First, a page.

Article first appeared in Around the O on June 28.
The Oregon Legislature has wrapped up its 2021 session after making some important investments in higher education.
Lawmakers approved a requested $900 million for the Public University Support Fund, $703 million for the Community College Support Fund, and an increase for the Oregon Opportunity Grant.
“The increased funding for public universities will provide much-needed financial stability for the university,” said Hans Bernard, associate vice president for state affairs. “The UO still faces significant financial uncertainty associated with enrollment, and the state funding provided by the Legislature is critical to the university moving forward post-pandemic.”
In addition to increasing operating funds for public universities and community colleges, lawmakers also boosted funding and passed legislation to address access and affordability for students at the UO. Highlights include:
$200 million for the Oregon Opportunity Grant — the state’s main need-based aid program for college and university students — a $28.8 million increase.
Approval of a basic needs navigator bill, which requires and funds a benefits navigator position on every university and college campus to help students determine eligibility and apply for federal, state and local benefits programs, such as food and housing assistance grants.
Approval of a course material/textbook transparency bill, which requires each public university and community college to display the total cost of all required course materials and fees for no less than 75 percent of total courses offered beginning in 2022-23.
“When we began planning for this session the state faced significant financial uncertainty, and we were preparing for cuts,” UO President Michael H. Schill said. “Improving revenues, and lawmakers’ commitment to the UO and our students, resulted in investments in higher education that will be crucial as we return to in-person instruction this fall. We are grateful that Oregon lawmakers continue to protect and improve funding for the University of Oregon.”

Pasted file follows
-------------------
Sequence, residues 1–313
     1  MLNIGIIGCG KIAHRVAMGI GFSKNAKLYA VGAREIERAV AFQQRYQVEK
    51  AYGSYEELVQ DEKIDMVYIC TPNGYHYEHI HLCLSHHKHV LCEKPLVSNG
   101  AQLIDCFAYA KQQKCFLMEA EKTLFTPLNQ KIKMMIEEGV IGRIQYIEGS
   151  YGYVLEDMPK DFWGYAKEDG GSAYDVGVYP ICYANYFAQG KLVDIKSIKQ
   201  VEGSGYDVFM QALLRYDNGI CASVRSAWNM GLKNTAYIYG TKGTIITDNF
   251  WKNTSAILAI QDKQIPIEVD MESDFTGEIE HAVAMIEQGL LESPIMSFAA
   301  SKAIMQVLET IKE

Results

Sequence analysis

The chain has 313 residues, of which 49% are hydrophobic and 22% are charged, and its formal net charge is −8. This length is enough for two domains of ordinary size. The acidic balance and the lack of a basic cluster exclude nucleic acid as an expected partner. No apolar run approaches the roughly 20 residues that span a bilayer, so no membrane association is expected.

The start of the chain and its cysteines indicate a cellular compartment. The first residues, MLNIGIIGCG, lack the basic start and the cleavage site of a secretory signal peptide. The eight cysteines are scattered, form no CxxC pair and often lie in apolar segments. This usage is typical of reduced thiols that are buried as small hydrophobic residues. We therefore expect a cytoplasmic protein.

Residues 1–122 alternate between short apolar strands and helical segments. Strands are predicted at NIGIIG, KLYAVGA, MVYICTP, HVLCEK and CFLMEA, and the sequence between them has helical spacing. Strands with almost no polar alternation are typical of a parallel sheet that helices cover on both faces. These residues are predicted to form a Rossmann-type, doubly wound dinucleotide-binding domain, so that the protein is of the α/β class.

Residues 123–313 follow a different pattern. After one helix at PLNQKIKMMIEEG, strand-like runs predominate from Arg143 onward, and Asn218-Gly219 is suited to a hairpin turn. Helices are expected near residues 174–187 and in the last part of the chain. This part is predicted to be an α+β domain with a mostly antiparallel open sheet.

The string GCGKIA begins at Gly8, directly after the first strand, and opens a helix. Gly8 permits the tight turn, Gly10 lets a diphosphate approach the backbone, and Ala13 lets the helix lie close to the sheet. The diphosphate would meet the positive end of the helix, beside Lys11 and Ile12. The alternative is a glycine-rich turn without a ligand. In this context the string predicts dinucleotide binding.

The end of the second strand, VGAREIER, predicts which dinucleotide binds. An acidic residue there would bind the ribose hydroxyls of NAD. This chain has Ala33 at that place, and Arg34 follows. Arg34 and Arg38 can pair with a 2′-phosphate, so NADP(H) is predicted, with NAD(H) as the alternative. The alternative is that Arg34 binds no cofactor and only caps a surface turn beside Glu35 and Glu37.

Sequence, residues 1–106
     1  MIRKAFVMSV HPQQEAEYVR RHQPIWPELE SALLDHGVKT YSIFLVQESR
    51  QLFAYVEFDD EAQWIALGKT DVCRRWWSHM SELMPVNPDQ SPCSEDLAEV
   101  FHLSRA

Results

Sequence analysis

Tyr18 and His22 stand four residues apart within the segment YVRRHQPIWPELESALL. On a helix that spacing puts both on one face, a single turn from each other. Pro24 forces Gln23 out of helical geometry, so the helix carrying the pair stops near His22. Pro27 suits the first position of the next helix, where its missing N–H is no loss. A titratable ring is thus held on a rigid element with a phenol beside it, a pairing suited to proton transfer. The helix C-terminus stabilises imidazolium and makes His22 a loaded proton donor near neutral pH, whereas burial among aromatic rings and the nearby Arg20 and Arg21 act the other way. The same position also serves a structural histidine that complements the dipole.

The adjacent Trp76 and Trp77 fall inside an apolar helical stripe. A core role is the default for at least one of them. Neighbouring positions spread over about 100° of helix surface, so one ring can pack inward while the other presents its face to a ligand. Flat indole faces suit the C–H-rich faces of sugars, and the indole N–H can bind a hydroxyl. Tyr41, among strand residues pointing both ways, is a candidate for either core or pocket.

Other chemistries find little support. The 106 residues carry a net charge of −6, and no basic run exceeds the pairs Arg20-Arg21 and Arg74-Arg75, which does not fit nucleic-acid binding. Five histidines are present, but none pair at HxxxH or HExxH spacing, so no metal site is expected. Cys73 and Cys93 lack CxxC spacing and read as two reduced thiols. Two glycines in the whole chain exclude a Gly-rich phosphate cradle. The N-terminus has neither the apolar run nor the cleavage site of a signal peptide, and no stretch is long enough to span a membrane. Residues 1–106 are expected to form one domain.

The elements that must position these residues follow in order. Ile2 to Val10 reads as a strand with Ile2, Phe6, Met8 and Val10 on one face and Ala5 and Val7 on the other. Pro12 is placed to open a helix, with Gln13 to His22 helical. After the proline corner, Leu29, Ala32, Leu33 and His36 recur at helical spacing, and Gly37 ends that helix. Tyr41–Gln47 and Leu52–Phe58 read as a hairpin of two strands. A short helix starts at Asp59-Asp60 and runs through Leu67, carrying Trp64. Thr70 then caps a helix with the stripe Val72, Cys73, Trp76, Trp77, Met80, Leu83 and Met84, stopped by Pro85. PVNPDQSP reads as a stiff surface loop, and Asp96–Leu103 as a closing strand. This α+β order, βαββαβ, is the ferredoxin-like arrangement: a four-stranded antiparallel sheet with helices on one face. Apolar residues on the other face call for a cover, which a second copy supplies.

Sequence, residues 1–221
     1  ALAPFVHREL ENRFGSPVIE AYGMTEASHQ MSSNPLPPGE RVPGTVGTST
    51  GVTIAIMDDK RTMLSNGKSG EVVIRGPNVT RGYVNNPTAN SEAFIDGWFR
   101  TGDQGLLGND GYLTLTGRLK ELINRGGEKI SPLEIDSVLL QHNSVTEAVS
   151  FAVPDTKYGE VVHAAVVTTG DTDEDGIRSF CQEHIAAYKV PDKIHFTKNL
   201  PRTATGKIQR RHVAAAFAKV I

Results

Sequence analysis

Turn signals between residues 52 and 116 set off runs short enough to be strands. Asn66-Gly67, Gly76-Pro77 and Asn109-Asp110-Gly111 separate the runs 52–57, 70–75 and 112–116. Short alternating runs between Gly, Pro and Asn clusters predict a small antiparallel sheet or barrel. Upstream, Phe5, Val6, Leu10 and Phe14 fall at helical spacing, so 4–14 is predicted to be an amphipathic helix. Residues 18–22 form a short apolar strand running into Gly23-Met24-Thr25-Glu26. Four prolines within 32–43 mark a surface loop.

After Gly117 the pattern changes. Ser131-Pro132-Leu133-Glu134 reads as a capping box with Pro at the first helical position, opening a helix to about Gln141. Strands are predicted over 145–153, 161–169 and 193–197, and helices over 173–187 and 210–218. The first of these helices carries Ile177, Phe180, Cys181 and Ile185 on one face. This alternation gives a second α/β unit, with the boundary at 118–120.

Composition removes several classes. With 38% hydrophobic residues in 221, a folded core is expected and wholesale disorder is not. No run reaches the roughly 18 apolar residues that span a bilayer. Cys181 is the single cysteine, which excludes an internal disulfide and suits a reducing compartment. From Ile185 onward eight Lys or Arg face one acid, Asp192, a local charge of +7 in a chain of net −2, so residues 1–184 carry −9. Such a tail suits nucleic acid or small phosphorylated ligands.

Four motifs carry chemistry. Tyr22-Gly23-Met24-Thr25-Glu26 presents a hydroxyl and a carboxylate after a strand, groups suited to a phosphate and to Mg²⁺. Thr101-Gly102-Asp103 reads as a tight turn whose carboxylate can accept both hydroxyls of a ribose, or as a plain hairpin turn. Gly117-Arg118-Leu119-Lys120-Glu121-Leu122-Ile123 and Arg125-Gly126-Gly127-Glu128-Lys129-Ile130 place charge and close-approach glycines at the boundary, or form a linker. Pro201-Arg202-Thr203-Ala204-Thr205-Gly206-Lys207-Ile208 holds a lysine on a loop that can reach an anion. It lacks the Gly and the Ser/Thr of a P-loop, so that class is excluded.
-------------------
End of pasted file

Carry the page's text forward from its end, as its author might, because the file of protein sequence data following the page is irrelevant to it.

The work of the Legislature focused on responding to the ongoing COVID-19 pandemic, addressing issues of systemic racial and wealth inequity, wildfire recovery and mitigation, and balancing a budget. The session was conducted in a Capitol building closed to the public, with hearings occurring remotely and all participation by members of the public and lobbyists taking place virtually.
Stronger than expected state revenue collections and a large influx of funding from the federal American Rescue Plan Act also allowed the Legislature to make significant investments in housing, behavioral health, wildfire policy and recovery.
Lawmakers are scheduled to convene again for one week in September to consider a legislative redistricting plan that was delayed because of the effect COVID-19 had on the national census. The next regular session of the Oregon Legislature will begin in February 2022.